Arms for despots and the powerlessness of public opinion
Poullie, Yannick (2014)
Master's Programme in Peace, Mediation and Conflict Research
This publication is copyrighted. You may download, display and print it for Your own personal use. Commercial use is prohibited.
Julkaisun pysyvä osoite on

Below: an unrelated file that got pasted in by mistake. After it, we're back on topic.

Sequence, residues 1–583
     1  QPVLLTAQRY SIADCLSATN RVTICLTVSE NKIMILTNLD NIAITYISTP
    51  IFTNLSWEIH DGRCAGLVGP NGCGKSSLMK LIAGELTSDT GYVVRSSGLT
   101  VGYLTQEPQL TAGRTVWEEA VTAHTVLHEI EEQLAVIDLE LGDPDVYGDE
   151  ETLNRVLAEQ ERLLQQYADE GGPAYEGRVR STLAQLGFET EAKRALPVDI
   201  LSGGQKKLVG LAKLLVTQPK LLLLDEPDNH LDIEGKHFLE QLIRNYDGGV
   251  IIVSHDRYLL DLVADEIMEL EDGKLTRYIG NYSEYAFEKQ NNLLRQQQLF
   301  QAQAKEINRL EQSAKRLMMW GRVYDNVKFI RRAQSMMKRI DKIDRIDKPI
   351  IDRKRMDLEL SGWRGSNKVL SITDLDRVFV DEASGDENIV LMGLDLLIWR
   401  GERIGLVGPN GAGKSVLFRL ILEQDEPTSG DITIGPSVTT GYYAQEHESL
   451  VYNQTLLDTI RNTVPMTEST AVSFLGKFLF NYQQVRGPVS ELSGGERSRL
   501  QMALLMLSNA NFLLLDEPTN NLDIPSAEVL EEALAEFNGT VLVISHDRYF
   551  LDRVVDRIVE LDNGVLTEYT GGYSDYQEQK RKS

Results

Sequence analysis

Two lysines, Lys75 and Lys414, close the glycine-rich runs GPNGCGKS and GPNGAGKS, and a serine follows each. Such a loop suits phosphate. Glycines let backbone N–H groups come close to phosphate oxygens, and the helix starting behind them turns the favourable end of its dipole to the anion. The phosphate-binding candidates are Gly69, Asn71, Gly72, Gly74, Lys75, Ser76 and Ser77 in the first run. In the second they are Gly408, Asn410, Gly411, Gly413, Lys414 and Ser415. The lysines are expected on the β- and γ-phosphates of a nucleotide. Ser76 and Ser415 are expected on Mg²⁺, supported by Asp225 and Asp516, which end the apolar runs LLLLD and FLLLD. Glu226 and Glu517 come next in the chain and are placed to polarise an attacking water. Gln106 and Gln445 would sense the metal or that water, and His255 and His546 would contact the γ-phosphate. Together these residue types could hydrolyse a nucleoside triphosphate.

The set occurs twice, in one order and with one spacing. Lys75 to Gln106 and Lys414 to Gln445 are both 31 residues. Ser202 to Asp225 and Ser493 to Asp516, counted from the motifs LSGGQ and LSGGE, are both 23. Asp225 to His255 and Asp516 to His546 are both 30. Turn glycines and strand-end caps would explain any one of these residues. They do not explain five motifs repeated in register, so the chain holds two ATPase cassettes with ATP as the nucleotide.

This thesis is concerned with the influence of public opinion on unpopular but marginal policies in democratic systems. I devise a simple game theoretical model representing the strategies of government and opposition concerning such a policy. Then I test this model against the contemporary case study of German arms exports into the MENA region in 2011. To this end, I qualitatively study official government and parliamentary sources as well as certain media actors' coverage to determine both political parties' and the media's impact on the debate. The putative willingness of the federal German government to export main battle tanks to Saudi Arabia during the uprisings in the MENA region caused an outcry in the German media and public. While the opposition used the opportunity for thorough criticism, it was largely inactive on the topic prior to the federal elections in 2013. The model is able to explain this difference. Both government and opposition are unlikely to problematise a policy that yields a gain for them but that is unpopular with the electorate. Although a majority of voters dislikes the policy it does not impact on voting decisions because it is marginal to almost all voters. The finding holds even under the assumption of voters making their voting decisions retrospectively. This armistice between relevant political parties constitutes a Nash equilibrium and can effectively prevent unpopular but marginal policies from modification. It shows the difficulty of making the government resolve a hugely unpopular yet minor issue, rendering public opinion effectively powerless. While the media is not identified as an effective corrective, further research on the possibilities of civil society to influence political parties is recommended. Equally, it should be possible to identify similar issues and test the model in other democratic polities.